BY E. LOREN MEEKER, DIRECTOR
The brilliant challenge of producing La pietra del paragone is to develop a concept that breathes dramatic life into Rossini’s magical score. With the help of a wonderful creative team I worked to unearth the true essence of the opera by delving into dramaturgical research. We started by translating and defining the title, which in English becomes “The Touchstone.” In the libretto, Count Asdrubale refers to his plan to test his love interests as various parts of “the touchstone,” but what does that really mean? The Oxford dictionary defines it as:
A standard or criterion by which something is judged or recognized.
A piece of fine-grained dark schist or jasper formerly used for testing alloys of gold by observing the color of the mark which they made on it.
Further research uncovered an old Italian saying: “L’uomo ha la pietra di paragone per saggiare l’oro, ma l’oro è la pietra di paragone per saggiare gli uomini.” This translates to “Men use a touchstone to test gold, but gold is the touchstone to test men.” Instantly this phrase — which pits moral character against raw greed — offered insight into the dramatic arc of the piece, becoming a springboard that launched us toward the overall concept.
It was clear that we needed to create an appropriate atmosphere in which this test for true love could play out, and there’s no better way to gain an understanding of an opera’s mood than through its music. Rossini’s score is quirky, full of passion, and it moves like a storm, with unexpected gales and bouts of turbulence. Buffeted about are librettist Luigi Romanelli’s characters, who span the social and financial spectrum, from wealthy elites to starving artists to servants desperately indulging the whims of their masters. His scenes flit from the gardens to various interior rooms to the forest. It all makes for a carnivalesque whirl of an opera, and the physical production is designed to embrace this, while clarifying the individuality of each character and his or her desires.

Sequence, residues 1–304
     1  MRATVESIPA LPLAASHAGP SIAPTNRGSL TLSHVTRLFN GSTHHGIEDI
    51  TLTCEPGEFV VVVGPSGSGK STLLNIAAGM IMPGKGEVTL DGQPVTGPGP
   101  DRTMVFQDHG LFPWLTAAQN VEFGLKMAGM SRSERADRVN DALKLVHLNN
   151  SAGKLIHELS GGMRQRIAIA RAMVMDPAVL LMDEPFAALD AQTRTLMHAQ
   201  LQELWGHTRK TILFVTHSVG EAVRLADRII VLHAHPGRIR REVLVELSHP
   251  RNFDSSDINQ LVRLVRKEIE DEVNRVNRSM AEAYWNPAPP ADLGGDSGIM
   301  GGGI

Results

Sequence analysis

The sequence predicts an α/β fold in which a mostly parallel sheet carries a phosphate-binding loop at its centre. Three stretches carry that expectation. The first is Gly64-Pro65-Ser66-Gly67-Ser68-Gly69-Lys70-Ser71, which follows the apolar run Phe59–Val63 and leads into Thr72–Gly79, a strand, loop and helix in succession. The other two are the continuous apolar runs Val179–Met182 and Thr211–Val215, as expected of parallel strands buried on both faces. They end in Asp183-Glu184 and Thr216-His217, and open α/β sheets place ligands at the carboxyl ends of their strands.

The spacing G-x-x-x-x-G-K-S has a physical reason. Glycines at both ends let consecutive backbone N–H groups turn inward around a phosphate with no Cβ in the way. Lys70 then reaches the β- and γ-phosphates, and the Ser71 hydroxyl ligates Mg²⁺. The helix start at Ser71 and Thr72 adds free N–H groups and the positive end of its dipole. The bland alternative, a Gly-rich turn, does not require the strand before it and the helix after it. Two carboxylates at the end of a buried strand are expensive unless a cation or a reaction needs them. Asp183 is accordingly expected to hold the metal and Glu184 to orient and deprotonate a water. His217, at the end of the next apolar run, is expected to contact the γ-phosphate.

We quickly embraced the original setting of the early 19th century. The fashion silhouettes from that era are stunning, and with a modern twist on fabric, color, and texture, the characters can spring to life in entirely delightful and surprising ways. The scenery also embraces visual references to the early 1800s, which again are given a modern spin. The stage will be filled with an asymmetric assortment of rotating columns that will allow us to create a never-ending series of nooks and crannies for each scene. Sometimes the columns evoke the feeling of a garden hedge maze, at other times they reveal a forest, and then they can astonish us by suddenly becoming interior settings that employ period wallpaper and imagery depicting the story of Angelica and Medoro, lovers from the epic poem Orlando Furioso who are referenced in the libretto.
Our goal was to build a visual and aural rollercoaster that thrills the audience with the adventures of this captivating cast of characters and their search for true love. Enjoy!